Celebrating self-improvement month (for dummies)

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September is self-improvement month. That means that we don’t have to wait until New Years to make and break resolutions we’ll likely never actually meet. We at the Clog have a few very serious and not at all absurd self-improvements to carry out until October 1st since there’s no reason to improve oneself beyond the designated month.

All of the self-improvement tips that are circulating around the internet these days list ‘eating better’ as one of the top methods to turn your life around. However, we have a strong sneaking suspicion that they meant to say ‘eating butter’. Surely it’s no coincidence that ‘butter’ and ‘better’ are just one vowel swap apart from being the same word. Lucky for us, it’ll be easy to check this off our list. We’ve been practicing eating butter since we started consuming solid foods at eight months old. We’re ready to load up on the saturated fats and do Paula Deen proud.

Another popular life hack tip that’s frequently shared is to work on communication. You’re probably pondering what to make of such a vague directive. Don’t worry, we at the Clog are one step ahead and can confirm that this self-improvement should be interpreted with the aim of communication diversification. Forget the dreary text messages and emails that you usually send to contact others. Use smoke signals to arrange meetings outside of office hours. Employ letters sent via carrier pigeon to ask your mom how to un-shrink those five shirts that got the best of you during laundry last week. While this alternative may be less efficient and more time-consuming, it’s sure to check off that self improvement box.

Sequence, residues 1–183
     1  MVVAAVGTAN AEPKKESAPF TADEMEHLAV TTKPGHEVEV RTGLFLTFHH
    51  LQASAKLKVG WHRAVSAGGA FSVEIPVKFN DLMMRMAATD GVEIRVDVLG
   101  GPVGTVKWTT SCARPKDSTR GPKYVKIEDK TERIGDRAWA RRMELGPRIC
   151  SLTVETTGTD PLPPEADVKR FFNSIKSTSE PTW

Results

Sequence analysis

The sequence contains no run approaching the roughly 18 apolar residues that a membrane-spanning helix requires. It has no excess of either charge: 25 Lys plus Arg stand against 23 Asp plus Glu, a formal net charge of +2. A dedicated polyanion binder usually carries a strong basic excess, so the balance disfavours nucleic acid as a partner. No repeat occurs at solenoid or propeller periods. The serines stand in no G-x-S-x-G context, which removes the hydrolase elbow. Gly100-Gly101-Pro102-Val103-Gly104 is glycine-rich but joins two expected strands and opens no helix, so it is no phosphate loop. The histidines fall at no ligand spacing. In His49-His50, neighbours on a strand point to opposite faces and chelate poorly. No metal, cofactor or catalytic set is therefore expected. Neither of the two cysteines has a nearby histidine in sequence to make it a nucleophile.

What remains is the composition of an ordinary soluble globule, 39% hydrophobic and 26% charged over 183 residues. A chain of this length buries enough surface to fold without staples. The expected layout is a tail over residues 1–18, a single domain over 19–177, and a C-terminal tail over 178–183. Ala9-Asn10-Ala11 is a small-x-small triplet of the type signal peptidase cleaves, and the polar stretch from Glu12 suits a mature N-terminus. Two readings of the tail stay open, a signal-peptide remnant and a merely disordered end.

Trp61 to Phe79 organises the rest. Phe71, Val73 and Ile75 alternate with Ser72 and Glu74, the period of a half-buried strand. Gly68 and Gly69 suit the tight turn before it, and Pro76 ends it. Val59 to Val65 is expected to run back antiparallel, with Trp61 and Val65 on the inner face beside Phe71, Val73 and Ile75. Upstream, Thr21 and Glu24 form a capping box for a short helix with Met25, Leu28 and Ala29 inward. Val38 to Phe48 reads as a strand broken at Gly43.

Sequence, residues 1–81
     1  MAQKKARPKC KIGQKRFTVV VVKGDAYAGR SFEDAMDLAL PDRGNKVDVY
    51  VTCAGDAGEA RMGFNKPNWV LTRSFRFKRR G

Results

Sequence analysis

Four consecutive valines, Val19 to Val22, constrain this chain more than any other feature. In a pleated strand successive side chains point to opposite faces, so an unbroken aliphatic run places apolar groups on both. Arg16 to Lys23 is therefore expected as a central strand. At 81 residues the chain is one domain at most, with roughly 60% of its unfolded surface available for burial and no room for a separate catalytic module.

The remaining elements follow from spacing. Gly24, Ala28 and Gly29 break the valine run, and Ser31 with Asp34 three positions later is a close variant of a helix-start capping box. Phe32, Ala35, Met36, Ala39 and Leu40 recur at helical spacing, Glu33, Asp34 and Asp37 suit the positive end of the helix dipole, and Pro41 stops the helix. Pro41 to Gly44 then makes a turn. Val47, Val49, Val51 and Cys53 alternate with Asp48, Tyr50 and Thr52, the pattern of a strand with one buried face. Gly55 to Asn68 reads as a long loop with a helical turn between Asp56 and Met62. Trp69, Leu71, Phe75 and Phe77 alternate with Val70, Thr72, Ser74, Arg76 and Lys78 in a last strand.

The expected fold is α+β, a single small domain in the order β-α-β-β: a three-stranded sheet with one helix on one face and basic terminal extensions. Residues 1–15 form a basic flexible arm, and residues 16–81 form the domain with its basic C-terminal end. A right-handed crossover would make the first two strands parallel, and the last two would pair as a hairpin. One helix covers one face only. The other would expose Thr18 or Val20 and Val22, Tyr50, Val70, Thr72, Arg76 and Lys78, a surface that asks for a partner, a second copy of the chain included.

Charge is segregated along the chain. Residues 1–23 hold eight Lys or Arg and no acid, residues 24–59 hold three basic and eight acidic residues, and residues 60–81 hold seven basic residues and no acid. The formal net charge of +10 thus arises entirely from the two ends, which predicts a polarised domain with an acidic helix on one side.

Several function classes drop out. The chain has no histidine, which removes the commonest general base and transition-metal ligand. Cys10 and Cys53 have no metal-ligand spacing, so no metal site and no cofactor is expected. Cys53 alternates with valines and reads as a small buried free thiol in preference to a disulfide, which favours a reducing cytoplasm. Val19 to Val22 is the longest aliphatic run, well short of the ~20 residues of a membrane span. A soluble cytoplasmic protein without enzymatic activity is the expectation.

One of the most commonly mentioned, but undoubtedly overrated, points of self-improvement that’s publicized is to, “Be nice.” Well, just set that notion on fire and then chuck out the window. Be aggressive. Nobody has time for passive aggression. Slammed cabinets and curt conversation never got anybody anywhere. If you’re going to be a moody little baby about trivial matters such as your feelings, we recommend that you do so boldly. Swing first and never feel badly.

Rounding out the diatribe of incredibly vague self-improvement tips that is commonly advised is to set goals. What kind of goals, you ask? Well, we have no real clue. We suggest that your first goal be that you work on self-improvement. That way, by doing one, you’re also doing the other. Both the productivity and logic here is full proof.

Love yourself. This one should be easy. The new and improved versions of ourself are impossible not to love.

Contact Amanda Chung at [email protected].

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